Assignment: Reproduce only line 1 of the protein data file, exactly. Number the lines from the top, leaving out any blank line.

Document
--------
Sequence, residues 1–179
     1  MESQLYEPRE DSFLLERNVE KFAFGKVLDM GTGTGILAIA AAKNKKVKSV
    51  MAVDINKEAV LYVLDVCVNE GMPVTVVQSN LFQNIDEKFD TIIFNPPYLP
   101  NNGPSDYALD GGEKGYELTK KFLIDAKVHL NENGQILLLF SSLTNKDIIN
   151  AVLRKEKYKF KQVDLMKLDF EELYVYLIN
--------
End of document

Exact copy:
Sequence, residues 1–179